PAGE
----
U.S. Vice President Joe Biden speaks after receiving the Athenagoras Human Rights Award from the Order of St. Andrew, Archons of the Ecumenical Patriarchate, in New York City on Oct. 17, 2015
Darren Ornitz—Reters
October 19, 2015 11:27 AM EDT

Advisers are urging Vice President Joe Biden to decide whether he’s running for President before Hillary Clinton’s high-profile testimony before Congress on Thursday.

Their argument: the longer he waits, the more difficult it will be to run. Biden already faces an uphill climb to find the dollars to mount a campaign, high-profile supporters to help him make his case and aides to run the nuts and bolts of a campaign. Political reporters, a longtime Biden constituency after decades in Washington, are starting to sour on the idea of a Biden campaign.

“There’s no appetite to drag this out,” one longtime Biden ally tells TIME.

Some worry that if the 72-year-old Biden joins the campaign after Clinton’s testimony, it will appear as though he sees her performance as sufficiently troublesome to justify his entrance into the race. Such a move would be read as though Biden does not trust Clinton’s comments, something that Republicans can use if Clinton prevails and is the nominee.

Biden’s advisers do not want his moves to negatively hurt the chances of Democrats holding the White House for a third consecutive term. Most of the Republicans looking to the White House are campaigning on pledges to undo what President Obama and Biden have accomplished during their two terms.

If Biden does decide to enter the race, he will quite literally be starting from scratch. It’s unlike he would mount a flashy speech or rally on par with his rivals. Instead, it’s likely that his advisers or would-be donors would quietly phone reporters with the news. Perhaps that was already taking place on Monday: first-term Representative Brendan Boyle, a Pennsylvania Democrat, tweeted that he has “a very good source close to Joe that tells me VP Biden will run for Prez.” Another option would be for Biden to drop the news into a previously scheduled speech through his official Office of the Vice President.

It is unlikely that Biden would immediately start campaigning. Those events are tough to plan, especially with the Secret Service handling security, Air Force Two required for travel and no one on the ground in Iowa handling his logistics. It isn’t as though the Vice President can hop the American Airlines flight from Reagan National Airport to Des Moines, grab a rental car and show up at a community center. No, a run from the Vice President is going to be costly, and Biden has zero campaign cash.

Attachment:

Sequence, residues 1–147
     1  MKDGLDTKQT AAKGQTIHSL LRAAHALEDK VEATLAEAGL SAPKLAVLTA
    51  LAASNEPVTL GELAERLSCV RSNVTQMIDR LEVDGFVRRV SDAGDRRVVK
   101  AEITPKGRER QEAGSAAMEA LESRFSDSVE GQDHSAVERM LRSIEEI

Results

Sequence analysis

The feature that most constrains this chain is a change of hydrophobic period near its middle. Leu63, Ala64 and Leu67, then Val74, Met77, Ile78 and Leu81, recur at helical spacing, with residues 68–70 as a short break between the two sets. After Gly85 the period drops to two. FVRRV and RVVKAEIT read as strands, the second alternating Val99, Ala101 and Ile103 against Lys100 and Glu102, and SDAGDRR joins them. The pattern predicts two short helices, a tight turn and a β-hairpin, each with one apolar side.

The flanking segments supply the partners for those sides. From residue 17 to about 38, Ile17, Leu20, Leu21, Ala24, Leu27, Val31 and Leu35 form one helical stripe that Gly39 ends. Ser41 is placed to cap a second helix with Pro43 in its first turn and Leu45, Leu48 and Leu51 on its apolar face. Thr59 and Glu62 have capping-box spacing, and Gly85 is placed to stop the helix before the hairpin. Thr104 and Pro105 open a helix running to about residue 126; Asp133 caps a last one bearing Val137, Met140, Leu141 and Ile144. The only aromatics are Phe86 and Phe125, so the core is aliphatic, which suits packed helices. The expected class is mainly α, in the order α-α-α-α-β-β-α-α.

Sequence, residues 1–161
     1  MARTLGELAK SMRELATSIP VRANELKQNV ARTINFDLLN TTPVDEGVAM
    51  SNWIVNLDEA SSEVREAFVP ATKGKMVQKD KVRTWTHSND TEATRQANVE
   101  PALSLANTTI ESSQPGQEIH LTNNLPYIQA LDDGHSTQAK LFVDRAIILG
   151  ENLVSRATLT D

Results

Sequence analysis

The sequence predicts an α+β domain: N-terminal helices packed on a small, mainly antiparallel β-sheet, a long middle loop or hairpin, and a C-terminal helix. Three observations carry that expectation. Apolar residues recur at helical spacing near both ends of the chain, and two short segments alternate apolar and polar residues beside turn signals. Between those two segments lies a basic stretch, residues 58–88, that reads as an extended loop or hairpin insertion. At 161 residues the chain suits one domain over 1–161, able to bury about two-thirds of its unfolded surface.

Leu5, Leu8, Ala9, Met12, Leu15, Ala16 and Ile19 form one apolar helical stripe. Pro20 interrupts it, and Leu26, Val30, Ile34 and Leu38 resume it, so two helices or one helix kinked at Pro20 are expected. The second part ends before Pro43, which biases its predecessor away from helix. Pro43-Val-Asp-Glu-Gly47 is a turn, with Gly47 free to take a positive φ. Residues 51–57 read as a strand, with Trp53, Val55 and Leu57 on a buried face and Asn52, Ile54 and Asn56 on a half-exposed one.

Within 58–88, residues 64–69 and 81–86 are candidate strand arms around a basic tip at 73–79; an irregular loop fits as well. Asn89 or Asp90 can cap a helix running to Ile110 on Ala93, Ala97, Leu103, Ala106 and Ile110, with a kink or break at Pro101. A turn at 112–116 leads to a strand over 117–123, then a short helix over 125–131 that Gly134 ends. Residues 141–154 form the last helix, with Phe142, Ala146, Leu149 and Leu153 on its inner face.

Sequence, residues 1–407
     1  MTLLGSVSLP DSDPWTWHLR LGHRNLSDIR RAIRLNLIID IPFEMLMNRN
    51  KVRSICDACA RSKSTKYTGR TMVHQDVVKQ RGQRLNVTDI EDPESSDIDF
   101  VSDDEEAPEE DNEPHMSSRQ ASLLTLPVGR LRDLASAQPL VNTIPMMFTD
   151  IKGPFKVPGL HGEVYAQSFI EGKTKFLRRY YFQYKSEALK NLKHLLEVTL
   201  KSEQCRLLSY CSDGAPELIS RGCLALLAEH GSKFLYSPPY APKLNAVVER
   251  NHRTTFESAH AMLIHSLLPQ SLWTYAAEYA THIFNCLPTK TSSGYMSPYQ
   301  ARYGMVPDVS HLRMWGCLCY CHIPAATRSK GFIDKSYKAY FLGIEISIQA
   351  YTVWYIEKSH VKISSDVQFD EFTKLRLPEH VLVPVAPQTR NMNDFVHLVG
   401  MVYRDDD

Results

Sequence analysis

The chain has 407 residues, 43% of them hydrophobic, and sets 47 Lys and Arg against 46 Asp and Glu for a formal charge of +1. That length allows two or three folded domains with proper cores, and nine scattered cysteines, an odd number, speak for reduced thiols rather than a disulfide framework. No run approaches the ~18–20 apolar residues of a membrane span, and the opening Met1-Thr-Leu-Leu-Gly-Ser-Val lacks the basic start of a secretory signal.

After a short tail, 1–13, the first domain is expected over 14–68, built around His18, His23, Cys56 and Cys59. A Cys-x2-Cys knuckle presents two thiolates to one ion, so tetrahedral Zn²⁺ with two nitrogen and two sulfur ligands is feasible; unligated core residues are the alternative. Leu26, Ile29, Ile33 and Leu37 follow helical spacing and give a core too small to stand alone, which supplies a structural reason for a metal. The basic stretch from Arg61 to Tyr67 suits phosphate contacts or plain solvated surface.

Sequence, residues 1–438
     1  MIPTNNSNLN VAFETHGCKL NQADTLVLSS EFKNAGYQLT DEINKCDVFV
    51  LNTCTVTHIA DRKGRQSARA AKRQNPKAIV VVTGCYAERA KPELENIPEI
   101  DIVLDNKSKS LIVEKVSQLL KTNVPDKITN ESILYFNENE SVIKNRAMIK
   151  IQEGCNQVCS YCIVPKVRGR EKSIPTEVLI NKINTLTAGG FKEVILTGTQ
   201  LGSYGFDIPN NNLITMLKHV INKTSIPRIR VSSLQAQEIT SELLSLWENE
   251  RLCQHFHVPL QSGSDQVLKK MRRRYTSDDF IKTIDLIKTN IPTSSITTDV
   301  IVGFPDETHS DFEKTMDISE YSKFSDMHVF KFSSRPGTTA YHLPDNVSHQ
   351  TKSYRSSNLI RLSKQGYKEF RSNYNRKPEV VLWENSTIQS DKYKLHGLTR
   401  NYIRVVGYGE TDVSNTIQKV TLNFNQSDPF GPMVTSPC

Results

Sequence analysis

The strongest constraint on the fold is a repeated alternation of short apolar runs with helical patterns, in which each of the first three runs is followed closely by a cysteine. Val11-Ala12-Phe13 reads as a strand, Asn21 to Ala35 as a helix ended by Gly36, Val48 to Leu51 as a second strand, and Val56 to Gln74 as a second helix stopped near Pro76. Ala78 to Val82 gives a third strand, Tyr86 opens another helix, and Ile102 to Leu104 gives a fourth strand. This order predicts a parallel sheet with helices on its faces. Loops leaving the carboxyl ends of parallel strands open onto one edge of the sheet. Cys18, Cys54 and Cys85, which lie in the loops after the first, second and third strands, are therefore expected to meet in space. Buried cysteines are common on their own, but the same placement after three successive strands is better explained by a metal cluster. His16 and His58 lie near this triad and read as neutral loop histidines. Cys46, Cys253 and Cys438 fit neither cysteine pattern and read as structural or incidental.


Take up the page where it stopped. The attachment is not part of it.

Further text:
At the same time, the next big Democratic Party event is this weekend’s Iowa state party dinner. It’s a political circus of sorts. Pop singer Katy Perry is headlining a rally for Clinton. Biden showing up with a tiny retinue would just embarrass him. Obama used that event as a turning point in his 2008 bid to derail Clinton in Iowa, and then nationally.

Read More: Biden Says He May Not Be Ready to Run

Still, though, Biden is not yet telling advisers that they should stop considering a campaign. Nor is he saying they have his blessing to go. Biden’s top lieutenant and friend, Ted Kaufman, hinted in a note to allies last week that they should stand by for a decision.

Biden has spent months publicly agonizing about whether he could muster the emotional strength to challenge Clinton. He has been open about his grief over son Beau’s death earlier this year, and the Biden clan has warmed to the idea of fulfilling one of Beau’s final wishes: that Joe Biden make one more stab at winning the Presidency.

Biden hedged. In some interviews, he seemed too sullen to possibly summon the energy to run for the White House. In others, he seemed to feed on the energy of crowds, who at times shout, “Run, Joe, run!” His longtime advisers had trouble reading his intentions, and some doubted that he would eventually go through with his longtime dream of winning the White House.

Biden’s advisers are warning him — and his family, who is always part of the campaigns — that the road ahead would be rough and they cautioned him that the kid gloves he enjoyed as a beloved Vice President would not continue should he make a play for the presidency. His approach would suddenly be scrutinized, and every word he has uttered during the past seven years as Vice President subjected to another look, they warned him. Did he really want to subject himself — and his still mourning family — to that for a campaign and, perhaps, eight years as President?

Biden’s aides also cautioned his poll numbers would likely sink should he become a candidate. Remember Clinton’s polling numbers when she left her job as an apolitical Secretary of State, they urged him. Those numbers sank as she re-entered politics and was no longer a diplomat.

Read Next: Joe Biden’s Ambition and Grief Collide in 2016 Decision

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Write to Philip Elliott at philip.elliott@time.com.

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